Friday, December 12, 2008
I have not commented on books that I have read for quite some time. Here are a few paragraphs on a selection of books that I've read since last posting on the topic.
Shakespeare by Bill Bryson: Bryson is always good to read and this book didn't disappoint. I reveled in the little anecdotes about the context in which Shakespeare wrote. I remain convinced (as Bryons is) that Shakespeare wrote the plays, but lament the fact that we don’t have more documentary evidence of his history and his literary ‘processes’. What made reading the book even more fun was the fact that I have met Stanley Wells, who Bryson regularly quotes in the book. He is based at the Shakespeare Institute where Amy (my wife) volunteered during her year in Stratford. He took a shining to her and, consequently, I have met him on several separate occasions. He took Amy and I to lunch when we were in Stratford during August. Paul Edmondson (who presided over our wedding) is also quoted a few times in the book, which made it even more entertaining to talk to Paul about speaking with Bryson about the book: this brought a double joy to the reading. Don't go in expecting a book about the plays, go in expecting a book about Shakespeare, his time and his England.
Talking It Over by Julian Barnes: A fantastic little novel which tells the stories three people (two men and a woman) who end up in a love triangle, each telling the story from their perspective as the narrative progresses. Barnes has a fantastic sense of humour and the voices of each of the characters is distinct and seems to encapsulate that character’s foibles, complexities and modes by which they interact with others. Very funny, and quite deeply satirises certain British stereotypes.
Daniel Martin by John Fowles: Is an epic novel that traces the steps of the title character from a brief retelling of his childhood, to his life as a student at Oxford, to his adult life as a screen- and playwright. The book drips with irony, and, rather like the Magus, you cannot believe that there are so many ways in which characters can interact, or threads by which the narrative can be extended. Still, it is a beautifully written novel, it captures a sense of what it must have been like to be a British scriptwriter or author in the US in Los Angeles, but still retaining an essential Britishness that cannot, or is not, adequately understood by many (North) Americans. It is also interesting because during the writing Fowles often goes on philosophical tangents: he tries to navigate an understanding of the conﬂicts of capitalism and socialism, something in which I am deeply interested, as well as problems of aesthetics, such as whether art should be instructive or not. It is a challenging, fantastically written and epic novel. It makes me want to retrace the routes that the characters do to remote places in the US, certains spots in the UK (yes the UK does have remote beautiful areas) and also Egypt. I'd give this book a big thumbs up if you can deal with his occasional over-writing.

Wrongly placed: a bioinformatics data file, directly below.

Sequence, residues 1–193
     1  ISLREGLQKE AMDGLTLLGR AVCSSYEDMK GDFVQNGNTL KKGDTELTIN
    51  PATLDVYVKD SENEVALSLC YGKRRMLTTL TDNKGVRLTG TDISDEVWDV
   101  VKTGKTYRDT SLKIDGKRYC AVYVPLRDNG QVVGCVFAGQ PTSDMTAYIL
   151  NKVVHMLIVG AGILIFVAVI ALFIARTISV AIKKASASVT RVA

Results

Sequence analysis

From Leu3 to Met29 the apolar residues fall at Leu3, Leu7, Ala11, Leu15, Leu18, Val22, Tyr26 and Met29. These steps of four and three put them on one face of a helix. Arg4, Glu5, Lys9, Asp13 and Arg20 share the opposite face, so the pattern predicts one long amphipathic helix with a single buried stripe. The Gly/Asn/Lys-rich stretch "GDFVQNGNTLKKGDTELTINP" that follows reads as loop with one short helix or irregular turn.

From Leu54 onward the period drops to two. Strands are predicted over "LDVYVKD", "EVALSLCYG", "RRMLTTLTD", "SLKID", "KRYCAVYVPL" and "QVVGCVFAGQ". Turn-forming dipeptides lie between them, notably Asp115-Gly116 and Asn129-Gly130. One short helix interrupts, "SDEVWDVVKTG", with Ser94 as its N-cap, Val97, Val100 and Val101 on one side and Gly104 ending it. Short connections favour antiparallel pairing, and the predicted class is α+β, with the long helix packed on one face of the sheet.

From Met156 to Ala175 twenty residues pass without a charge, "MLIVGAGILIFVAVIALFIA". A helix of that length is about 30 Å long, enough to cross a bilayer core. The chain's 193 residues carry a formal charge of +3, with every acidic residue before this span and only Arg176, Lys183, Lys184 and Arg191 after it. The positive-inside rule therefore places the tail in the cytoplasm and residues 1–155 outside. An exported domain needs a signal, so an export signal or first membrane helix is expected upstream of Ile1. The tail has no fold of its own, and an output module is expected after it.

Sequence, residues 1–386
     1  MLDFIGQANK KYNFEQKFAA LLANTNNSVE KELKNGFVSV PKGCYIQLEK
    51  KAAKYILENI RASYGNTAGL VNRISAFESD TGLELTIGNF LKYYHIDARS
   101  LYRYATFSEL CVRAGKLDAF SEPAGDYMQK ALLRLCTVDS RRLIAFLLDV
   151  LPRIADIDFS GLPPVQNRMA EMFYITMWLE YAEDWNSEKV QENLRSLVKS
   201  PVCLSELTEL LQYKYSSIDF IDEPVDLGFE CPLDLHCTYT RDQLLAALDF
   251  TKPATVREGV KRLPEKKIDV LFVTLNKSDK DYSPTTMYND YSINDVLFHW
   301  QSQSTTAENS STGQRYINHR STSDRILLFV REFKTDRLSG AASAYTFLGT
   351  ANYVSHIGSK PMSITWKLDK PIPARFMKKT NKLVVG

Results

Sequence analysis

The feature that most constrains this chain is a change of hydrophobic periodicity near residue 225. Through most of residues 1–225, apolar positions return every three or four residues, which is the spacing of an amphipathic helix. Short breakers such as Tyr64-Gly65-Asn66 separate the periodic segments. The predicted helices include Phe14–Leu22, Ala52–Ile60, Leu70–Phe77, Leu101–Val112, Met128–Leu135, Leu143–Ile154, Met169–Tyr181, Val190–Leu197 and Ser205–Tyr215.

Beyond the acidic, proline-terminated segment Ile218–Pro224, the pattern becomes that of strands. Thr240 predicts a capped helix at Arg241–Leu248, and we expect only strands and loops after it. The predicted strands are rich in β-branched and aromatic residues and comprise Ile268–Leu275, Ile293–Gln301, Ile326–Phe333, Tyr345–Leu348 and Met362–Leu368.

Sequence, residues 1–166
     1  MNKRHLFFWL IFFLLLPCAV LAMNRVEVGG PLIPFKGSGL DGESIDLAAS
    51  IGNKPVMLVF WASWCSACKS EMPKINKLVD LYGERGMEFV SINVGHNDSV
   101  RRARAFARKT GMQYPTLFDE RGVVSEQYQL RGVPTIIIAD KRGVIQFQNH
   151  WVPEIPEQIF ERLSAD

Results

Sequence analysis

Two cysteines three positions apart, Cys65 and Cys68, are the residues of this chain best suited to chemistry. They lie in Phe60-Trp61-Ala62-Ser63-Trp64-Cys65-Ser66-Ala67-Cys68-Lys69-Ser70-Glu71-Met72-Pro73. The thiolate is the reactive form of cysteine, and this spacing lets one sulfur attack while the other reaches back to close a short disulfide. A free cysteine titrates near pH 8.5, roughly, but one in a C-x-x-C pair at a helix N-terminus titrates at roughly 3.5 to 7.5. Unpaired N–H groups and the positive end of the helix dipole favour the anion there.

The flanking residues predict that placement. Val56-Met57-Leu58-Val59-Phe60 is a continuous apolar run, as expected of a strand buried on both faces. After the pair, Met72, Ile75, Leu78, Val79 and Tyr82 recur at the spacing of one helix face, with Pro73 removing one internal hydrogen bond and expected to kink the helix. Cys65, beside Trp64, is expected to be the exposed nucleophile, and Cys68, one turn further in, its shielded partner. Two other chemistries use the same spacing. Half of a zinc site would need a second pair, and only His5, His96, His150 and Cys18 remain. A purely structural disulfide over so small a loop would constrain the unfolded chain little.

Song of Solomon by Toni Morrison: I enjoyed this book far more than I
enjoyed the previous book of hers that I read, Beloved. Beloved was very well-
written and understandably lauded (for example the New York Times did a survey of American authors and they voted it as the best American novel of the past 25 years). However, I found the writing style of Song of Solomon easier to read, as well as finding it more manageable in terms of the characters and narrative Morrison introduced. The main character’s name is Macon Dead, an African American growing up in the US during the period spanning the 1940s to 60s. Morrison tells his life: how his experience, as the son of an African American who owns property is both an intrinsically African American experience, but also distinctly not African American in the advantages that he has because of his father being a property owner. Combine this with a backdrop of odd family members, a narrative that takes you back to his grandparents and their tale and the book makes for riveting reading - it's a window into the paradoxed of African American life in 20th Century USA.